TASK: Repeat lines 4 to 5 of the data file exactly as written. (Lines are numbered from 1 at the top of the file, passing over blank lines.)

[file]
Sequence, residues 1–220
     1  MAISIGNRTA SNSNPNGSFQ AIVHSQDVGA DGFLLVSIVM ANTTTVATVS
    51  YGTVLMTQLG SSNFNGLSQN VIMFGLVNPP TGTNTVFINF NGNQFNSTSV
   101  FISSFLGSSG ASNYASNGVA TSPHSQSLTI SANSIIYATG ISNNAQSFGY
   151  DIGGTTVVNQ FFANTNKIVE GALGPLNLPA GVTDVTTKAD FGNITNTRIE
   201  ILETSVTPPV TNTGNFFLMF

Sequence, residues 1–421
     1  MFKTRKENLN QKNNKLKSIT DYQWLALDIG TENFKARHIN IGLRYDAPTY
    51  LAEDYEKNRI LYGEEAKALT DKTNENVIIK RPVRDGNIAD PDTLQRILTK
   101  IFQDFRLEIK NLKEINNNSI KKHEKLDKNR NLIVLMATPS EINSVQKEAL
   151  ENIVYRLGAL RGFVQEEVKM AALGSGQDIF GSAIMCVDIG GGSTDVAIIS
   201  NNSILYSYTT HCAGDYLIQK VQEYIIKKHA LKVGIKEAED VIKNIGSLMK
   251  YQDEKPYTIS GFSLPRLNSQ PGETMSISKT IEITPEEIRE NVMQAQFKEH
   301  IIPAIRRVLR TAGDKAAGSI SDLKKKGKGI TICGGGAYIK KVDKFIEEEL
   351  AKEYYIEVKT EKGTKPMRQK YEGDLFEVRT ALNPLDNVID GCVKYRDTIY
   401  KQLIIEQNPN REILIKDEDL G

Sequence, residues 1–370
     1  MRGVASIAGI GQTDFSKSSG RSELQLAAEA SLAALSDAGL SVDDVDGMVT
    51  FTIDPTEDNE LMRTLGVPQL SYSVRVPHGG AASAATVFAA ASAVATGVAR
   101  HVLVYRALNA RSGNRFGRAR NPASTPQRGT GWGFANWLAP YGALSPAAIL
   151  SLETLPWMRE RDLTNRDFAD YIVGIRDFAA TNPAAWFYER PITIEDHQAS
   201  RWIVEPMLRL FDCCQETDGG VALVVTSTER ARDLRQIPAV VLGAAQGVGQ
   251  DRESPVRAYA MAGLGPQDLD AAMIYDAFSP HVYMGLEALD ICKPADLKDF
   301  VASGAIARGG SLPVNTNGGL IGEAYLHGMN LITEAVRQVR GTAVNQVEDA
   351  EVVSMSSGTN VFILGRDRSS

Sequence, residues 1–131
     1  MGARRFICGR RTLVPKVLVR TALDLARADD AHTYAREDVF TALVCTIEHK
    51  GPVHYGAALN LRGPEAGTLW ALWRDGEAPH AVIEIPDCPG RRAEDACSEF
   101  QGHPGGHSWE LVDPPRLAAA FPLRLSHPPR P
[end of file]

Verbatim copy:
   101  FISSFLGSSG ASNYASNGVA TSPHSQSLTI SANSIIYATG ISNNAQSFGY
   151  DIGGTTVVNQ FFANTNKIVE GALGPLNLPA GVTDVTTKAD FGNITNTRIE